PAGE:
Spring Thaw Likely to Spark Attacks in Afghanistan
By Linda D. Kozaryn
American Forces Press Service
SHANNON, Ireland, Apr. 26, 2002 The spring thaw in Afghanistan may mean more al Qaeda and Taliban attacks on U.S. and coalition forces, Defense Secretary Donald Rumsfeld said Thursday on his way to Central Asia.
U.S. Defense Secretary Donald H. Rumsfeld (center) talks with reporters April 25, 2002, aboard a U.S. Air Force C-32 bound for Central Asia. Photo by Linda D. Kozaryn
(Click photo for screen-resolution image);high-resolution image available.
"My guess is that as the weather improves, and as they find ways to communicate with each other, that they will probably again try to attack the interim authority and opposing factions in the country, as well as U.S. and coalition forces," the secretary said. The terrorists will try to "create an environment that is inhospitable for everyone except themselves," he told 12 reporters traveling with him.
Rumsfeld left Washington Thursday afternoon on his third trip to Central Asia since the United States launched military operations in October against the al Qaeda terrorist network and Afghanistan's Taliban regime.
His current five-day itinerary includes a stop in Afghanistan where he'll meet with leaders and visit some of the 6,000 U.S. service members in the country.
U.S. and coalition forces, Rumsfeld noted, are working with the Afghan interim authority to restore and maintain stability. The Germans, for example, are working with the Afghan government police forces to develop Afghanistan's border patrol. U.S. and coalition partners are also beginning to work with the Afghan national army.
U.S. and coalition forces are also providing security at a number of spots around the country and U.S. personnel are embedded with friendly Afghan forces. "All of which contributes to a more secure environment," he said, "an environment where the people can start going to school and humanitarian workers can come in and start helping people that have real needs."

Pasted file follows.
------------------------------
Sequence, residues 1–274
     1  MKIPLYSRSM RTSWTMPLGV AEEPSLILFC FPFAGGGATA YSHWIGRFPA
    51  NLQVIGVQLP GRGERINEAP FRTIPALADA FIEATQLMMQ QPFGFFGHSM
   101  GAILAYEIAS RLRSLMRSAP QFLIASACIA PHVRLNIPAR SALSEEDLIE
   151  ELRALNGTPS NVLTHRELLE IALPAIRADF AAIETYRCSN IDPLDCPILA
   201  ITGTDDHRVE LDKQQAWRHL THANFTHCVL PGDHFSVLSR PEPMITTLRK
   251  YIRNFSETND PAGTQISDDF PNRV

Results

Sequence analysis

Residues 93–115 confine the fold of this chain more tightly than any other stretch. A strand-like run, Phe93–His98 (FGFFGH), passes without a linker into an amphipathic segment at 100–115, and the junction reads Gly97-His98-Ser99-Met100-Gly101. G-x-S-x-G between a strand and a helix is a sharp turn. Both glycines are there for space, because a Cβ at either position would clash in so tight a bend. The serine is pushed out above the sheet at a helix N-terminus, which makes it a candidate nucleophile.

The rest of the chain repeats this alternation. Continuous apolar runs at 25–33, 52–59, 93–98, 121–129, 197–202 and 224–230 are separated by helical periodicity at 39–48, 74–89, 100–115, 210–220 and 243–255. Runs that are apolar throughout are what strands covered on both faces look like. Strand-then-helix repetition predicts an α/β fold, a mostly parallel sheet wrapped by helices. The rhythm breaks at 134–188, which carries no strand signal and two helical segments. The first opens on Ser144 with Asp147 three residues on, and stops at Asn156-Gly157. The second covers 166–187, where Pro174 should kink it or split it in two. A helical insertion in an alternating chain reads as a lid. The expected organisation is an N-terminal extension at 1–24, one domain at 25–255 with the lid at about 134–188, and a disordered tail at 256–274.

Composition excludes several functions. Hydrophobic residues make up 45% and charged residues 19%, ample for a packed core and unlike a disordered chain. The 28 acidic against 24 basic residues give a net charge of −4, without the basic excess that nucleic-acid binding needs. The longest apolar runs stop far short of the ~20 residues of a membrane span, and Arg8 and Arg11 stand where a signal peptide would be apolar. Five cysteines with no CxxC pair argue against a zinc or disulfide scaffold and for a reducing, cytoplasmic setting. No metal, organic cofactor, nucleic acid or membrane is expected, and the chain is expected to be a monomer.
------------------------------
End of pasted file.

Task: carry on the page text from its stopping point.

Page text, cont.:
Rumsfeld said U.S. and coalition forces are making progress. "They are continuing to detain people, arrest people, apprehend people almost every day in small number," he said. "They're continuing to look for larger groups, and my impression is that the al Qaeda and Taliban are avoiding -- for the time being at least -- concentrating themselves in larger groups."
Rumsfeld plans to meet throughout the trip with both U.S. and coalition forces in the countries he visits. He wants to thank the American troops for the "truly superb job they are doing."
He said he will also meet with allied troops. "I will undoubtedly, be spending almost as much time with coalition forces as I do with U.S. forces as part of this trip, expressing our country's appreciation to them as well."
He will also visit several countries on Afghanistan's periphery. Relationships between Afghanistan and its neighbors are "one of the determinants of security and circumstance -- its economic health and its government liability," he said.
It's important for the United States to be interested in Afghanistan and its neighbors, Rumsfeld stressed, since the United States is deeply involved in removing terrorists from Afghanistan and ensuring that the country doesn't again become a terrorist haven. "That is basically the reason for my trip," the secretary said.
"We, needless to say, prefer to be arranged in ways that give us more options rather than fewer options," he explained. "We therefore have activities in a number of the neighboring countries, as well as within (Afghanistan). Our basic interest is to have the ability to go into a country and have a relationship and have understandings about our ability to land or over fly and do things that are of mutual benefit."
The United States has no plans to establish permanent bases in these countries, he said, nor have defense officials decided how long they would "want to keep an airplane or another capability in a specific country."
Rumsfeld would not discuss press reports that U.S. forces are operating in Pakistan, assisting in the hunt for al Qaeda and Taliban operatives. "We do not characterize what other countries are doing or what we're doing in other countries," he said. "We leave that to those countries."
From the outset, however, the secretary pointed out, Pakistan has been "enormously helpful and cooperative in the global war on terrorism." U.S. and Pakistan government agencies, he said, "coordinated in ways that led to the apprehension of some 50 or 60 people in 11 or so different sites in Pakistan." Those apprehended included terrorist leader Abu Zubaydah who was later turned over to U.S. authorities.
Prior to returning to Washington Monday night (April 29), Rumsfeld is also slated to meet with Russian Defense Minister Sergey Ivanov in Moscow.